Hurricane Delta shut 91.5% of offshore crude oil production in the U.S.-regulated northern Gulf of Mexico (GoM) by midday on Oct. 8, the U.S. Bureau of Safety and Environmental Enforcement (BSEE) said.

The hurricane, bearing down on the Gulf Coast of Louisiana, also shut 62% of natural gas output in the Gulf, BSEE said.

Hurricane Delta raked across the prime U.S. offshore oil producing areas in the GoM on Oct. 8 as energy companies pulled workers from offshore platforms and began securing coastal processing plants.

The storm was about 370 miles (595 km) south of Cameron, La., and grinding toward the Louisiana coast at 13 mph (21 km per hour). Its tropical storm-force winds extend up to 125 miles from the storm's center, the National Hurricane Center said.

Delta is expected to intensify further over the Gulf's warm waters and become a major hurricane with winds of 115 mph (185 kph) before landfall in southwest Louisiana by the evening of Oct. 9.

Oil producers withdrew workers from 279 offshore facilities and moved 15 drilling rigs away from Delta's winds. They have shut 1.69 million bbl/d of oil, or 92% of the region's offshore oil, and 1.67 Bcf/d, or nearly 62% of its natural gas output.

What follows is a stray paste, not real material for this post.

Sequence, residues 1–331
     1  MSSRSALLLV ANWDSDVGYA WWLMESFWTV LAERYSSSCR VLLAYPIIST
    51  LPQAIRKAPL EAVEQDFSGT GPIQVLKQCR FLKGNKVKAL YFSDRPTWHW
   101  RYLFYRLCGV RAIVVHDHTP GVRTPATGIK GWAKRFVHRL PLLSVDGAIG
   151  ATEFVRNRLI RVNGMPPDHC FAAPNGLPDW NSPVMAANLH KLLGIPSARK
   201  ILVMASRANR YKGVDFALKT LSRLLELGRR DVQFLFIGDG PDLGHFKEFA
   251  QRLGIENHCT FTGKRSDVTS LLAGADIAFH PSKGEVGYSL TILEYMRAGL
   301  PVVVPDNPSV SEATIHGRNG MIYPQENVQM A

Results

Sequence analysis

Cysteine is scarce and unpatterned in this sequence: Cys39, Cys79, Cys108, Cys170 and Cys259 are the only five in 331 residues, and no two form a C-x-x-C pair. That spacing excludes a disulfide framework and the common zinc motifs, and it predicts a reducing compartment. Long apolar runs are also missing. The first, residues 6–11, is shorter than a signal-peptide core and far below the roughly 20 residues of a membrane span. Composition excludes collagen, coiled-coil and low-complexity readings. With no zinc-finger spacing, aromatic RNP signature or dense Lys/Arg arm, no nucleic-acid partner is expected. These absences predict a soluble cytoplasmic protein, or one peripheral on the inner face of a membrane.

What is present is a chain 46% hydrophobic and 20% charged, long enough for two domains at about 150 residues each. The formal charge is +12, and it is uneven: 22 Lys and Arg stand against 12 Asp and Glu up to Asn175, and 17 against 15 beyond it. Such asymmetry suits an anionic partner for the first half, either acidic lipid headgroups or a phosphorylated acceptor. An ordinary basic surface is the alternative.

Energy prices rose on the shut-ins and prospect for a new U.S. economic stimulus. U.S. crude oil futures were up 3% at $41.21, natural gas futures and gasoline futures both rose 2.6%. Natural gas futures reversed course after suffering losses.

"It is going to be a large, powerful storm," said Weatherbell Analytics meteorologist Joe Bastardi. Delta will land just east of Cameron, an area still suffering the impact of Hurricane Laura's 150 mph winds.

Total SA also began shutting a small oil-processing unit at its Port Arthur, Texas, refinery, people familiar with plant operation said. Cameron LNG closed its natural gas processing plant ahead of the storm's arrival.

Offshore producers including Royal Dutch Shell Plc, BP Plc, Chevron Corp. and Occidental Petroleum Corp. have pulled workers from production platforms to quarters onshore.

The unusually high number of storms coupled with pandemic safety precautions has made this year a costly and difficult one for offshore producers.

Energy ports from Port Arthur, Texas to New Orleans also were battening down under tropical storm wind advisories and warning of potential closures within 24 hours. Louisiana Offshore Oil Port, the sole deepwater port on the GoM, halted seaborne exports and imports.

Shell began preparing three refineries in Convent, Geismar and Norco, La., for Delta's arrival. Further west, other refineries were still under maintenance in the wake of prior hurricanes.

The U.S. Gulf Coast is home to 45% of U.S. petroleum refining capacity and about 51% of U.S. natural gas processing plant capacity.